Common Core State Standard
SL.CCS.1/2/3/4 Grades 6-12: An essay of a current news event is provided for discussion to encourage participation, but also inspire the use of evidence to support logical claims using the main ideas of the article. Students must analyze background information provided about a current event within the news, draw out the main ideas and key details, and review different opinions on the issue. Then, students should present their own claims using facts and analysis for support.

FOR THE WEEK OF MAY 10, 2010

The world's a-Twitter. But for teens? Not so much

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Hashtags such as #oilspill are used to search for tweets on certain subjects. Find a national or world story in the news and suggest a hashtag that might lead to a good Twitter search of the subject.
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Social networking is something news organizations use a lot these days. Most have Facebook pages and Twitter accounts. Find the accounts used by the local newspaper you use for this class. Are there any others?
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One of the main uses for Twitter is to follow subjects and people. Find 10 things in the newspaper that you find interesting, and would like to know more about. If you have access to Twitter, do searches for the people or subjects. For example, twitter.com/barackobama or twitter.com/oprah.

By Nancy Hanus
Michigan State University

Twitter has caught fire as a hot social media trend. It's also increasingly being used as an information source, sort of like Google. The first reports of recent catastrophic events such as the Haiti and Chile earthquakes came via Twitter. Yet one group that often leads the pack in social networking - teens - seem to have little use for tweeting. While nearly three-quarters of online teens use social network sites, only 8 percent said they use Twitter. A recent report showed text messaging is the hottest form of communication amid teens: Half of teens send 50 or more text messages a day. But the 140 characters in a tweet doesn't appeal quite so much.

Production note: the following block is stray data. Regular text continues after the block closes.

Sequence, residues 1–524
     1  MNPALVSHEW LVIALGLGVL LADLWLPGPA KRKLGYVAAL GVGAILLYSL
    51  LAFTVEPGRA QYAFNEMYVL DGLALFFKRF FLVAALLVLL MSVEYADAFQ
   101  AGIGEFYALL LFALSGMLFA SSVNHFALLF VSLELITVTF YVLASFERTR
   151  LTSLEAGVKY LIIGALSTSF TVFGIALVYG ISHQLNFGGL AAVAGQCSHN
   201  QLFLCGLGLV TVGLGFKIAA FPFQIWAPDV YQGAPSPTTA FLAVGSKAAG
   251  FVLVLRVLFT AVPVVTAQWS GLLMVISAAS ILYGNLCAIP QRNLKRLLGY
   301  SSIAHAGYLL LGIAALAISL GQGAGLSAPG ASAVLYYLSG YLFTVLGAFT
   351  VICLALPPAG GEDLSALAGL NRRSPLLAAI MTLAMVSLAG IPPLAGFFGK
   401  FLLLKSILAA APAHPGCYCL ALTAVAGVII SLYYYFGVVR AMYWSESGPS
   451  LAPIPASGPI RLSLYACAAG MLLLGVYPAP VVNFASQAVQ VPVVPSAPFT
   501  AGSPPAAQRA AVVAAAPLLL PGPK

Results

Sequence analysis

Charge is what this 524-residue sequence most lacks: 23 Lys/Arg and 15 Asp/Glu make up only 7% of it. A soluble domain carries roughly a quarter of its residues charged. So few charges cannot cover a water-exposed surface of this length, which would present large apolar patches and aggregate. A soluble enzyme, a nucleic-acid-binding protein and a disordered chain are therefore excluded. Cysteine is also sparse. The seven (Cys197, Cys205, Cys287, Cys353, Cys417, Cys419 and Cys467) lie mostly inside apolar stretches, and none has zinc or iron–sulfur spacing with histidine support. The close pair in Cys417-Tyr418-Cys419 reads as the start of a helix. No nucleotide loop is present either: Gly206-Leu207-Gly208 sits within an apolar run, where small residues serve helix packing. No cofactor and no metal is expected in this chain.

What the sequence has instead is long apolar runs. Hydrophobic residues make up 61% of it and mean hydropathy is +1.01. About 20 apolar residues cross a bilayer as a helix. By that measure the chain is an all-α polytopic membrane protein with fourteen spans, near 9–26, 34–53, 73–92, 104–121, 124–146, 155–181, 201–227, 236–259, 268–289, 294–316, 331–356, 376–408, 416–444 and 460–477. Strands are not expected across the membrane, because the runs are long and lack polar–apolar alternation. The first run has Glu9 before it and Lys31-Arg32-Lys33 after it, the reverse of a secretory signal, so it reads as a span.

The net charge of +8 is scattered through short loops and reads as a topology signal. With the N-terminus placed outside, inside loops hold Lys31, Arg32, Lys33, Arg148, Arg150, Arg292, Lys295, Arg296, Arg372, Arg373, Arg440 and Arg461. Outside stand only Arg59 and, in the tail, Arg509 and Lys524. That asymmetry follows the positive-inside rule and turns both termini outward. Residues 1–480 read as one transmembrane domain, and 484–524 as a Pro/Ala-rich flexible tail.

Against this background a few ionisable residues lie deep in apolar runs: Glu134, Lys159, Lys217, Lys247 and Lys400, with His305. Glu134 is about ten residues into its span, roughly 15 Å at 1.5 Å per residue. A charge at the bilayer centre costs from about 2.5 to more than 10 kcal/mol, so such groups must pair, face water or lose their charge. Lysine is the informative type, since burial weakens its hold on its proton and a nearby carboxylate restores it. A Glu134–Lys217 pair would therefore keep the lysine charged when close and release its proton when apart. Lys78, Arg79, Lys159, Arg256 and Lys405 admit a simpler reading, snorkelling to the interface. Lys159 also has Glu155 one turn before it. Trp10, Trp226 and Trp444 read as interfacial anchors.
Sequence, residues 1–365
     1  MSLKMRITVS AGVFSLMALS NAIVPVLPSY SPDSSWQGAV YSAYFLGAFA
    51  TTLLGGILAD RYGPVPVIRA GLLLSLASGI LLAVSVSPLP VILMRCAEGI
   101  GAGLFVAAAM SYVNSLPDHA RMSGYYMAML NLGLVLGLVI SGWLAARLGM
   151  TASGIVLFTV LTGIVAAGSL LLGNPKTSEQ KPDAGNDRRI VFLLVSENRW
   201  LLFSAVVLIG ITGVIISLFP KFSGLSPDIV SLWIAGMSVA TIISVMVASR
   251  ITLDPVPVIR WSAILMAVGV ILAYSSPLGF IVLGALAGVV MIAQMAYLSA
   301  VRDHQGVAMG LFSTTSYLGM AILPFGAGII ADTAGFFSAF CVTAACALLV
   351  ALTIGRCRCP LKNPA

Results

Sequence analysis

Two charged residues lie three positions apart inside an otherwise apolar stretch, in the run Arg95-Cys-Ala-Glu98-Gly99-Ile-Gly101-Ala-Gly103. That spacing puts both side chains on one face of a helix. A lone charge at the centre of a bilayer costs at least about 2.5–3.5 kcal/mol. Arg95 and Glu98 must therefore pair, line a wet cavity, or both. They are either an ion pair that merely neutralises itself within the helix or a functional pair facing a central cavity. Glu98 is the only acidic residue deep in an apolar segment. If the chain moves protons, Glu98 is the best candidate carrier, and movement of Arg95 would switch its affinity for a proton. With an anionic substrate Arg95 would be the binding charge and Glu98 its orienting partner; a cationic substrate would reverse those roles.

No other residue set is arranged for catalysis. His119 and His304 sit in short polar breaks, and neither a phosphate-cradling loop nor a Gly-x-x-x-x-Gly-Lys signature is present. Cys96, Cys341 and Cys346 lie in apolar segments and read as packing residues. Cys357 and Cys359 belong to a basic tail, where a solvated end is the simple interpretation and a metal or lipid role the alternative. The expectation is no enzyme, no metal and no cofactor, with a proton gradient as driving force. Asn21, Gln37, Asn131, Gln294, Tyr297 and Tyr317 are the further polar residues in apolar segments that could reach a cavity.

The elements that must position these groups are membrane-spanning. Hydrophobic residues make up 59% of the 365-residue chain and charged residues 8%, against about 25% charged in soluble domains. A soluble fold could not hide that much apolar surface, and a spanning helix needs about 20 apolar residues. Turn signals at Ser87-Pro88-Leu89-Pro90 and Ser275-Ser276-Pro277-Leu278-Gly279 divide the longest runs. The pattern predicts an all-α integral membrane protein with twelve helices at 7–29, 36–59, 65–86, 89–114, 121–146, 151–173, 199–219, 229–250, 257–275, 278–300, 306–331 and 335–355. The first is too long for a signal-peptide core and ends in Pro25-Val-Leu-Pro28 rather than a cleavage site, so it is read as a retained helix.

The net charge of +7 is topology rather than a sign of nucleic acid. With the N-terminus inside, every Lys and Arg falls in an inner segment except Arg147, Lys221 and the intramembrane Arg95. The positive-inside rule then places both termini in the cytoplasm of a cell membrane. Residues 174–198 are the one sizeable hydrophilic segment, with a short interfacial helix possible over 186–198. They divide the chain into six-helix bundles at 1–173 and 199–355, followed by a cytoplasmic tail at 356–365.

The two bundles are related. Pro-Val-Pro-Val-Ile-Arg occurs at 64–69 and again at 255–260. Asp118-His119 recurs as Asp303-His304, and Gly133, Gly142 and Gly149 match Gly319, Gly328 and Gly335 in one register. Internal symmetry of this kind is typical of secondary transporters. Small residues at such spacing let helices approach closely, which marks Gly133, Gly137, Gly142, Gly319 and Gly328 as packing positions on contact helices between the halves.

While teens may be staying away from Twitter, college students are embracing it in higher numbers, according to the popularity of sites such as CampusTweet.com, where students compete to be the top tweeter at their school. And Twitter is being used as a tool for research and in the classroom, exposing students to uses of Twitter they might not have thought about. One Maryland teacher advocates total access to Internet and social technologies for his students, and incorporates Twitter and other social media in his foreign language lessons by having students collaborate via tweets and Google Wave.

Despite the surveys that say teens don't tweet, there are millions who obviously do. Some of the top tweeting celebs boast millions of followers - and many are obviously teens. Justin Bieber has 2.3 million followers, and is always the top or near the top of trending twitter topics.

Other top tweeters:

  • John Mayer: 3.3 million followers
  • Ashley Tisdale: 3 million followers
  • Coldplay: 2.7 million followers
  • Taylor Swift: 3.1 million followers

Maryland teacher (via Twitter feed @teachpaperless): You can't 'monitor' every single thing students do online, but you can educate & support them to make better decisions.

Student says: It's just an adult thing, according to Yalda Chalabi, 17. Our music teacher kept saying that she would put stuff up for us to follow on Twitter until one day she said, 'OK, who's following me on Twitter?' And no one raised their hand. You keep hearing people talk about it, but I don't know anyone my age that uses it."

Tech columnist says: Twitter is precisely what you want it to be, says David Pogue, personal technology columnist for The New York Times. It can be a business tool, a teenage time-killer, a research assistant, a news source - whatever. There are no rules, or at least none that apply equally well to everyone.

Nancy Hanus, former director of New Media for The Detroit News, is currently the online multiplatform producer/editor-in-residence at The Michigan State University College of Communication Arts and Sciences.



Front Page Talking Points is written by Felix Grabowski and Alan Stamm for NIEonline.com, Copyright 2014
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